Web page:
Hello @VIDYA AL MAHMUD,
Nice to hear from you again.
Here's a definition I found by the UNHCR (https://www.unhcr.org/protection/historical/3ae68bf10/question-diplomatic-asylum-report-secretary-general.html):
- "The term “diplomatic asylum” in the broad sense is used to denote asylum granted by a State outside its territory, particularly in its diplomatic missions (diplomatic asylum in the strict sense), in its consulates, on board its ships in the territorial waters of another State (naval asylum), and also on board its aircraft and of its military or para-military installations in foreign territory. The other form of asylum granted to individuals, namely, that which is granted by the State within its borders, is generally given the name “territorial asylum” (...)The State in whose territory diplomatic asylum is sought is know as the “local” or “territorial” State - or even, as will be seen from footnote 75 below, the “State” of refuge” - while the person granted asylum may be called either a “refugee” or an “asylee”..."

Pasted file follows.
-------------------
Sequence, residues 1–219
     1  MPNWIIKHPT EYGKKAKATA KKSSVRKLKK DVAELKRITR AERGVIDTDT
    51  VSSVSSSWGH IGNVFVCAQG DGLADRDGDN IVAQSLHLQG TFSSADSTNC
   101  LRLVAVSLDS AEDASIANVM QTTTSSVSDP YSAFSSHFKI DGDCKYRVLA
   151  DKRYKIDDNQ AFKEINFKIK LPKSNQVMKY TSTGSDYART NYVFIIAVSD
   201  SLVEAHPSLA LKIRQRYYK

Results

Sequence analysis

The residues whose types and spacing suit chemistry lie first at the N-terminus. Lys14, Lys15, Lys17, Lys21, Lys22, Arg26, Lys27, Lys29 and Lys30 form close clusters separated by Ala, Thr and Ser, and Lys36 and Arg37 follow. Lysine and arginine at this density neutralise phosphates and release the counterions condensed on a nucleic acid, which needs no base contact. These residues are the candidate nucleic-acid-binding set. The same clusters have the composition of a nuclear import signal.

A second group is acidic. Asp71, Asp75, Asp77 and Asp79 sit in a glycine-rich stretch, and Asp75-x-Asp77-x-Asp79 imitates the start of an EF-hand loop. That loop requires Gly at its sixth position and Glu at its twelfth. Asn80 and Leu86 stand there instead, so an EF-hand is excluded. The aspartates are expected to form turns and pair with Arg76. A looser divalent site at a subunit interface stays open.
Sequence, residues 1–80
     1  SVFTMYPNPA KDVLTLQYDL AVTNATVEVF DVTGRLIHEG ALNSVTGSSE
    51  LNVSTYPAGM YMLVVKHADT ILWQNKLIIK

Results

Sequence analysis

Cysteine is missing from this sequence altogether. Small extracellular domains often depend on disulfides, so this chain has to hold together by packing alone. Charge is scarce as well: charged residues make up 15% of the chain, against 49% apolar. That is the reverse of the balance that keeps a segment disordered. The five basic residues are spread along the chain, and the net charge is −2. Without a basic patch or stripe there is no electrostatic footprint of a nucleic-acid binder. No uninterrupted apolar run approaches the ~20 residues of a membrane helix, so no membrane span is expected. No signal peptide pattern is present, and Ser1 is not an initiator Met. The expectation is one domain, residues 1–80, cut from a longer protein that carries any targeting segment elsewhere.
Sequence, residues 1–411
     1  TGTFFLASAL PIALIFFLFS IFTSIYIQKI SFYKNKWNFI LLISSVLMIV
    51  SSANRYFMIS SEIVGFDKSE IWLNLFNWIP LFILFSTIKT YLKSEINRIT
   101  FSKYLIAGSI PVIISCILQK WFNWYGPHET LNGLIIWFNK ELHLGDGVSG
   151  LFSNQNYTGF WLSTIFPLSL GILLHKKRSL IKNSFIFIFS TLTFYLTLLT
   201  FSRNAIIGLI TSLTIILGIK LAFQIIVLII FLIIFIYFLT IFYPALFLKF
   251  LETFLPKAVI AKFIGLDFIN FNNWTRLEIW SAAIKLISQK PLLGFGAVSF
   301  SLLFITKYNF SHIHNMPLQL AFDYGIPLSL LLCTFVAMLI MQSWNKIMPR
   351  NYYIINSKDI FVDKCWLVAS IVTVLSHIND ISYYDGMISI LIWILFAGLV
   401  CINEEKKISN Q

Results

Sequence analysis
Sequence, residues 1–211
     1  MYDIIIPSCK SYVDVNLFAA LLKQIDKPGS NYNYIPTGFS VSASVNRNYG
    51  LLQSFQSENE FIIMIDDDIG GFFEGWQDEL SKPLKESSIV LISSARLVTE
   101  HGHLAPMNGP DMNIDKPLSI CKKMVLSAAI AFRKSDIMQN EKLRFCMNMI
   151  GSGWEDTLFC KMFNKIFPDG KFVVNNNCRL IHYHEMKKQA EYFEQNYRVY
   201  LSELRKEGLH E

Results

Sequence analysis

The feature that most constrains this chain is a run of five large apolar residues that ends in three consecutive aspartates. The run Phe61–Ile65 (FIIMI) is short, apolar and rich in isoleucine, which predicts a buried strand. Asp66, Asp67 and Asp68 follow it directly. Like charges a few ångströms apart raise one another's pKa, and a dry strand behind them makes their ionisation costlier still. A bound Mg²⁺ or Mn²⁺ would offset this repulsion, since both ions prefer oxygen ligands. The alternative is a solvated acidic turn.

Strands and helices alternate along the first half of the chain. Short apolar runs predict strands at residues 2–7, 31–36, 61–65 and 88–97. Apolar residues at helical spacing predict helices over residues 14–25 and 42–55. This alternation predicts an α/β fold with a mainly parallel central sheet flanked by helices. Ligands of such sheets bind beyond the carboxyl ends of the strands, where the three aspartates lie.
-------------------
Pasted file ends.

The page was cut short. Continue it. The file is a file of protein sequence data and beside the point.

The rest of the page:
--> Basically, diplomatic asylum is granted to people who are outside of the country's borders (in this case German consulates, ships, territorial waters of another state, etc), while territorial asylum is referred to asylum granted within the country's borders. Does this definition help?
As for your second question, my research has shown that the "Blue Passport" is valid for the same time that you have a residence permit, meaning that it's valid for three years for recognized refugees and asylum seekers. After that period, you have to apply for a new travel document. The following website explains the rights of a "Blue Passport" holder: https://handbookgermany.de/en/rights-laws/asylum/blue-passport.html
Let me know if you need any further assistance, I hope I've answered your questions so far.
All the best,